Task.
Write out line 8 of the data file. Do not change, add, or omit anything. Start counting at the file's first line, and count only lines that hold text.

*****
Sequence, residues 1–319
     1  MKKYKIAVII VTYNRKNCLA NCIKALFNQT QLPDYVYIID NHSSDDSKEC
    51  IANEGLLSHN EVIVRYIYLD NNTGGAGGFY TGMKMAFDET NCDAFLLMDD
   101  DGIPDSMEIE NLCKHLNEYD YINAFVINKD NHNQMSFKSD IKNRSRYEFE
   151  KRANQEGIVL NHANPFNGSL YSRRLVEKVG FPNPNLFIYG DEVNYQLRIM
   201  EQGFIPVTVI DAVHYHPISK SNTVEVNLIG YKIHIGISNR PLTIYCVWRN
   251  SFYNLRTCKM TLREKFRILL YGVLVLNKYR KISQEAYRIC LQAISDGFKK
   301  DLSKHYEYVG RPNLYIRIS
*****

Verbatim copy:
   301  DLSKHYEYVG RPNLYIRIS